PHOTOGRAPHED DURING AN INTENSE RAIN STORM IN MAY 2016
There are five war dead buried here. I photographed the grave of 18816 Gunner Matthew Loughren and as he died in March 1919 he did not die in combat. He finished his career in the British Army Labour Corps a unit formed in 1917 for manual and skilled labour on the Western Front and Salonika during the First World War. In previous centuries the British Army had fulfilled this role through the Royal Pioneer Corps (1762–1763), the Corps of Pioneers (1795–1800) and the Army Works Corps (1855-c.1856). Though it disbanded in 1921, it is often seen as the predecessor to the Royal Pioneer Corps of the Second World War.
If one visits Kilkenny in May one can expect on average 13 wet days and when I visited in May 2016 it rained almost constantly for four days which was the full duration of my visit.
Based on previous experience I brought proper rain gear with me to Kilkenny. Over the years I have photographed this old graveyard many times but my May 2016 visit was very different as the rain was intense making it almost impossible to photograph and unfortunately my equipment (Sony A7RII and Zeiss Batis 25mm) was compromised. Unfortunately, I had to wait until the end of 2017 before the Sony A7RIII became available. The Mk III was a much better camera and the MK IV is in a different league. Water got into the Batis 25mm lens so at times depending on weather conditions it can be unusable because of condensation.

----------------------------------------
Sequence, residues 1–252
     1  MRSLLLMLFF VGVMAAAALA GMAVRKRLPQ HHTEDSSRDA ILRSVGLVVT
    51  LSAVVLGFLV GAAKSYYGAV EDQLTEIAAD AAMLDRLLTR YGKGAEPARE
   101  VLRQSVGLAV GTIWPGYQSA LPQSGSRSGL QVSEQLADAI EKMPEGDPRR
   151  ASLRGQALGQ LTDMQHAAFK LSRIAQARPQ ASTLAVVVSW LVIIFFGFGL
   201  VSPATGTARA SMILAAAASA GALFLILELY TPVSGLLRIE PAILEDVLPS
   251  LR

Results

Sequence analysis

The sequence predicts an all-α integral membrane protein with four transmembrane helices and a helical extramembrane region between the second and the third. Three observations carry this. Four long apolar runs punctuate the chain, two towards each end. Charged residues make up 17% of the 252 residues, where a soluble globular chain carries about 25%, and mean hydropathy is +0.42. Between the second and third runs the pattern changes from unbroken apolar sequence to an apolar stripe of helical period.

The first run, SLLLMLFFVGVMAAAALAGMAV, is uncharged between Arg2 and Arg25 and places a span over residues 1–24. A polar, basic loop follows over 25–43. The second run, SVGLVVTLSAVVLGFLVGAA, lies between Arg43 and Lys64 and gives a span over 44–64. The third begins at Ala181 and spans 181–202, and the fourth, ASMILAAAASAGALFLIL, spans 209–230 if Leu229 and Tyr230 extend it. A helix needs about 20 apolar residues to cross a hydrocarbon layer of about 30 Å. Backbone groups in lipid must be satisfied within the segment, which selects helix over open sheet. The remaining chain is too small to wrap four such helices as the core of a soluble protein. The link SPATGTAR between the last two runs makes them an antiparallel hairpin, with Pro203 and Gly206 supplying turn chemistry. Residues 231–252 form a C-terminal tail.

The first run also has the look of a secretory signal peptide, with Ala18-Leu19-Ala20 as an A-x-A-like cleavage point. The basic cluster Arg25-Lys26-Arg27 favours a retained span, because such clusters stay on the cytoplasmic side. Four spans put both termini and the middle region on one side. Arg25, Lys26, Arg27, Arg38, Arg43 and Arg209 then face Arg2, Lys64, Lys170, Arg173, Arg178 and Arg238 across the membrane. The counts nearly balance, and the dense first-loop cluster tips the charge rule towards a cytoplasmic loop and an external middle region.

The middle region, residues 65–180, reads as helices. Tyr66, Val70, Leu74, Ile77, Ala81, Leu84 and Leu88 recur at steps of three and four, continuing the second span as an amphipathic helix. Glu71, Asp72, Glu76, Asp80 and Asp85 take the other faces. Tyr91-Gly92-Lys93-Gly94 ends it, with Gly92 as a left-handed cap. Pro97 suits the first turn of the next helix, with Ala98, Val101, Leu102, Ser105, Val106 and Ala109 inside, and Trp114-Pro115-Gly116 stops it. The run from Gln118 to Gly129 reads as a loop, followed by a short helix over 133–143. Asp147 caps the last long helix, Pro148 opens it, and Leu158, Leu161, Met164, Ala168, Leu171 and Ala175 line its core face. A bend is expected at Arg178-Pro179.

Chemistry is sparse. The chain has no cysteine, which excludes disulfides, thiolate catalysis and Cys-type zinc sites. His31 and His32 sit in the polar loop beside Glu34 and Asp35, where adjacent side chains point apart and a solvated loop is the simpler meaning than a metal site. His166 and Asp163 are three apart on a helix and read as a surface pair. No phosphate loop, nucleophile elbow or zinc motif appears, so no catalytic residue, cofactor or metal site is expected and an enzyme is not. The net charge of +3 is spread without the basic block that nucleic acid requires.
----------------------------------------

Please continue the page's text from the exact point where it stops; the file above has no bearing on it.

When I first visited this old graveyard I noted that the colour of the gravestones was different to what I normally see in Irish graveyards [orange/brown rather than grey/white]. I assume that gravestones were covered in what was an orange algae, lichen or fungi however in 2022 I noticed that, in many cases, the orange material had been bleached pure white … I assume that this is a pollution problem.
Official Description: “A picturesque graveyard forming an appealing feature in the streetscape on the road leading out of Kilkenny to the south-east. Having origins in a fourteenth-century leper hospital the grounds are of special significance as the location of a seventeenth-century Catholic chapel, thereby representing an early ecclesiastical site in the locality: furthermore it is believed that fragments survive spanning the fourteenth and seventeenth centuries, thereby emphasising the archaeological importance of the site. The graveyard remains of additional importance for the associations with a number of Kilkenny’s foremost dignitaries or personalities while a collection of cut-stone markers displaying expert stone masonry identify the considerable artistic design”